Sydney Leroux of the 2015 U.S. Women's Soccer team, right, competing in a friendly match on May 30. (Photo: Don Emmert/AFP/Getty Images)

Millions Play, 180 Get Paid. Why Women’s Soccer Can’t Get a Leg Up

Many of the best female players in the world are Americans. How come so few earn more than $15 an hour playing the game they love?
Jun 5, 2015· 6 MIN READ
Gwendolyn Oxenham played soccer at Duke and for the Santos FC pro team in Brazil. She is the author of Finding the Game: Three Years, Twenty-five Countries, and the Search for Pickup Soccer.

On July 10, 1999, eleven-year-old Christen Press, her face painted red, white, and blue, was in the stands at the Rose Bowl, screaming “U-S-A” alongside 90,184 other fans watching the United States women’s soccer team as they won the World Cup and burst into the national consciousness, inspiring a new generation to want to be like them.

Press wasn’t the only one to think soccer could be a big part of her future.

“The whole country is caught up,” President Bill Clinton, who was also in the stands, told an interviewer. "It's going to have a bigger impact than people ever realized, and it will have a far-reaching impact not only in the United States but also in other countries.”

Clinton had reason to be hopeful. A record-setting 17.9 million tuned in for the final—thousands of them, no doubt, girls like Press who were beginning to form their own dreams of playing soccer before such an audience. According to FIFA, 7.6 million females competed in organized soccer around the world in 1999; by 2015, the number had soared to 30 million. Stars of the ’99 team such as Mia Hamm and Brandy Chastain became bone fide stars, recognizable to people who weren’t soccer fans, and hopes grew that women’s soccer had become big enough to have a pro league in which hundreds of women athletes could earn a living playing the game they loved.

But on the eve of the quadrennial Women’s World Cup, which starts Saturday with Canada facing off against China in Edmonton, Alberta, it’s clear that Clinton’s prediction has largely failed to materialize. While many male pro athletes earn salaries topping $20 million a year; pro basketball leagues exist in Algeria, Paraguay, and Kazakhstan; and the American men’s soccer league averages 19,000 fans per game, women's professional soccer is still an after-thought in most countries. In the U.S.—home to a successful national team, where 1.4 million girls play organized soccer, and 32,185 young women compete in the collegiate game—no women’s professional soccer league has lasted more than three years.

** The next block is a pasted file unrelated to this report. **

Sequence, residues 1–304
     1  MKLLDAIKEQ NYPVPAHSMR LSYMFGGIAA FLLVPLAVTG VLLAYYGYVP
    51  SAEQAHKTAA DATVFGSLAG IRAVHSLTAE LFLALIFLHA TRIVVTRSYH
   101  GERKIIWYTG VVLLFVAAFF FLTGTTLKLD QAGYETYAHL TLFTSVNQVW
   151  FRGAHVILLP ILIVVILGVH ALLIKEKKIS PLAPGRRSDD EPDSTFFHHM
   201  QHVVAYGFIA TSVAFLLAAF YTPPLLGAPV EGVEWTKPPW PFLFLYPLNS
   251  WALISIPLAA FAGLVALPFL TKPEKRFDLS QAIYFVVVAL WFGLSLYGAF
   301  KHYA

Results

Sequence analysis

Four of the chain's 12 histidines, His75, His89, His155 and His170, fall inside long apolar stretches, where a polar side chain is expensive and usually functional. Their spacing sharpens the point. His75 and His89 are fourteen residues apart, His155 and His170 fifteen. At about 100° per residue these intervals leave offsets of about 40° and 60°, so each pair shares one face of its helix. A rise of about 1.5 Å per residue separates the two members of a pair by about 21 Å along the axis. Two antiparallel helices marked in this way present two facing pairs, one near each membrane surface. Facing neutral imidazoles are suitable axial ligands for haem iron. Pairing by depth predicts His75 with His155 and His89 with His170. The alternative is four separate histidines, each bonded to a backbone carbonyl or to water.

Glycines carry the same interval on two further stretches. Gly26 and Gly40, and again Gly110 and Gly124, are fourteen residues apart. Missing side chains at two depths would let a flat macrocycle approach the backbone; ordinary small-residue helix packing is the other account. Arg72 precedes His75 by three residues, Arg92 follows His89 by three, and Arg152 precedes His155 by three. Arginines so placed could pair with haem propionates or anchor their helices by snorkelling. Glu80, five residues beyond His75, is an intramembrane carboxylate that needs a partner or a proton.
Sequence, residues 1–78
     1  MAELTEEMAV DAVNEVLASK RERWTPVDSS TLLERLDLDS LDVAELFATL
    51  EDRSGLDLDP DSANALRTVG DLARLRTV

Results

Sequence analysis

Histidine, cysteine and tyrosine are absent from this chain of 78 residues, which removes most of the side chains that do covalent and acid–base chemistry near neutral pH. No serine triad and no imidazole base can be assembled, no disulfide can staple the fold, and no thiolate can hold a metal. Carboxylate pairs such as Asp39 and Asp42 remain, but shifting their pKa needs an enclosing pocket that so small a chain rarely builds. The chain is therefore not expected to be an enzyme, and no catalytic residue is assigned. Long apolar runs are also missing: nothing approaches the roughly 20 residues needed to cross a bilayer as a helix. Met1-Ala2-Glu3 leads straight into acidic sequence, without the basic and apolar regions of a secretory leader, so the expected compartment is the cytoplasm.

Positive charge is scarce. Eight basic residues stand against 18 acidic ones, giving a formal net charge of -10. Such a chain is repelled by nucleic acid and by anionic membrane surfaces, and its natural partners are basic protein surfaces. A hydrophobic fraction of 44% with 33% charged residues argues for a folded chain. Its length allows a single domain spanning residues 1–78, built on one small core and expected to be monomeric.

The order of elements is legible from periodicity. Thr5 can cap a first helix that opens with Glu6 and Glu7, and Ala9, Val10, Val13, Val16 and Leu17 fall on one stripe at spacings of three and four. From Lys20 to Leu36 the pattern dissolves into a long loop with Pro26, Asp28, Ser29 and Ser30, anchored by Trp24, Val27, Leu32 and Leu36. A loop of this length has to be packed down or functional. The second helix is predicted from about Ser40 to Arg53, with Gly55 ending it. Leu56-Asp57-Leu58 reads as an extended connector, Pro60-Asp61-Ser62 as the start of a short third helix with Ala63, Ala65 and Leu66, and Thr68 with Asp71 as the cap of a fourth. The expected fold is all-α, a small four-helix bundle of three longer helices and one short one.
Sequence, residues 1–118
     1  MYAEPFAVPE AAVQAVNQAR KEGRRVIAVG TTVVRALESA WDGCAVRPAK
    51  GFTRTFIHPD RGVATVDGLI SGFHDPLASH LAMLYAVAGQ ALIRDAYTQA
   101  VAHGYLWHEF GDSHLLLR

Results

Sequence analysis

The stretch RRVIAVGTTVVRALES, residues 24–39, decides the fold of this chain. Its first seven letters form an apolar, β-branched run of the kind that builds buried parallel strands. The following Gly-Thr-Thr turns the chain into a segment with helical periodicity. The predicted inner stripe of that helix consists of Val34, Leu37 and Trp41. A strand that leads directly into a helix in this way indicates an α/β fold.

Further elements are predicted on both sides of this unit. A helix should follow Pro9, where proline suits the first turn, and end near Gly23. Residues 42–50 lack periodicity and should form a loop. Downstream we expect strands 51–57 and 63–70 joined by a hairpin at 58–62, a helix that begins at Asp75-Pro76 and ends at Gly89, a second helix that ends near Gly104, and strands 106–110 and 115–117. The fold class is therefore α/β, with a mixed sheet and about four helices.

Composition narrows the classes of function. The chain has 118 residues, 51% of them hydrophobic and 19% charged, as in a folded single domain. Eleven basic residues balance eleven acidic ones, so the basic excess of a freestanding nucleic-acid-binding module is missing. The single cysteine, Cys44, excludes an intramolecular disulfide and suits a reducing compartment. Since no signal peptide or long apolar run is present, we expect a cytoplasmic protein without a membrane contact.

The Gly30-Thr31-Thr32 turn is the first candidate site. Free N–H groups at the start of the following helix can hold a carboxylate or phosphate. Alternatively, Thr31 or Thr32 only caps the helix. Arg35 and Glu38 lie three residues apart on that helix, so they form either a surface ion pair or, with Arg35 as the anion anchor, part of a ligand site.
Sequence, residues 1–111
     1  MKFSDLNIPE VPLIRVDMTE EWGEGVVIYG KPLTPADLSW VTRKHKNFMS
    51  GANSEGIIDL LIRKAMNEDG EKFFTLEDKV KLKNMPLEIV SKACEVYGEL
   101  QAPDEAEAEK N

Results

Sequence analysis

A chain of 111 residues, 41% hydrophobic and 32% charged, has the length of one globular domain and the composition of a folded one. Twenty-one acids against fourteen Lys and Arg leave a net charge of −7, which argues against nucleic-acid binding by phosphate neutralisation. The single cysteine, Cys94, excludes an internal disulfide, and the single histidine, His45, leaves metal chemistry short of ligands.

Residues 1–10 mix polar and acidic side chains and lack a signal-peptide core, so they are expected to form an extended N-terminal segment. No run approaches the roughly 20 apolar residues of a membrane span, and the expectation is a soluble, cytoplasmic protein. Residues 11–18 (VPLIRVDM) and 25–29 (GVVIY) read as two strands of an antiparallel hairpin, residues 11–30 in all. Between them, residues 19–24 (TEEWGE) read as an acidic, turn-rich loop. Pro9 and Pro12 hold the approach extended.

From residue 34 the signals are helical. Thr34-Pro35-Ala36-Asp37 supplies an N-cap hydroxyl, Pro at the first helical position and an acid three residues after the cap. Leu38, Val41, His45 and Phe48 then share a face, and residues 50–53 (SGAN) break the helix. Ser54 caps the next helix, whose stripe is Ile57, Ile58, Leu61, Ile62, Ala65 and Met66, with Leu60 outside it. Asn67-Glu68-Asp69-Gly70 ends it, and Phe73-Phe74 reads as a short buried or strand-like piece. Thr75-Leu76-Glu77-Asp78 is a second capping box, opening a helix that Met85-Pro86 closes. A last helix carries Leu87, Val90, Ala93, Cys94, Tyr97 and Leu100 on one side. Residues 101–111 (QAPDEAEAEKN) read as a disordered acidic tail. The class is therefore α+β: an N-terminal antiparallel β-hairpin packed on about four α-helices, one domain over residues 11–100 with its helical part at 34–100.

In the coming weeks, enthusiasm for the U.S. Women’s National Team will be evident—the spreads in Sports Illustrated and Glamour, talk-show appearances, sold-out stadiums. But after the cheers from the FIFA World Cup Canada die down, women’s soccer will struggle to avoid returning to near irrelevance, and a generation of elite female soccer players will likely face the difficult decision of whether to continue in a professional league, earning a pittance, or hang up their cleats and move on.

Nearly 95,000 fans watched the 1999 FIFA Women's World Cup consolation final between Brazil and Norway at the Rose Bowl. Yet, said Michael Messner, professor of sociology and gender studies at USC, "the increased interest and participation in women's sports in the last 40 years has not at all been reflected in news and highlights shows." (Photo: David Madison/Getty Images)


On Jan. 31, 2012, the Women’s Professional Soccer league’s 2011 Rookie of the Year, Christen Press, received an email, saying that due to financial reasons, she would no longer be able to play professional soccer in this country. The league had folded, and along with the 150 or so other WPS players, Press was unemployed.

It wasn’t the first time. In 2004, WUSA, the first women’s professional league, shut down after three seasons, having burned through $100 million in startup funds. The third attempt at women’s pro soccer in the U.S., the National Women’s Soccer League, kicked off its third season in 2015. But most people have never heard of it.

Few games are broadcast on TV, making it tough to get word out about the product to fans who might want to experience it in person. Major media isn’t helping: While a handful of specialized sites, such as, follow the NWSL, and some local papers cover their teams, the league rarely shows up in the national papers or on highlights shows such as ESPN's SportsCenter. A study by USC released Friday, in fact, showed that women’s sports made up just 2 percent of SportsCenter episodes last year—a share that hasn't budged in 15 years. And though the ’99 World Cup team crossed over through such priceless exposure as commercials for Nike and Bud Light, the women’s pro league gets virtually none of that.

Nobody said starting a professional sports league was easy. For years after Major League Soccer launched in 1993, the league lost millions of dollars and stadiums were empty. Two teams folded. The WNBA, in operation nearly two decades, still leans heavily on its men's league counterpart to stay financially solvent. Even in countries like Sweden and Germany, where women’s professional soccer is considered stable and successful, league attendance is low—Sweden averages 771 fans a game; Germany, 1,185.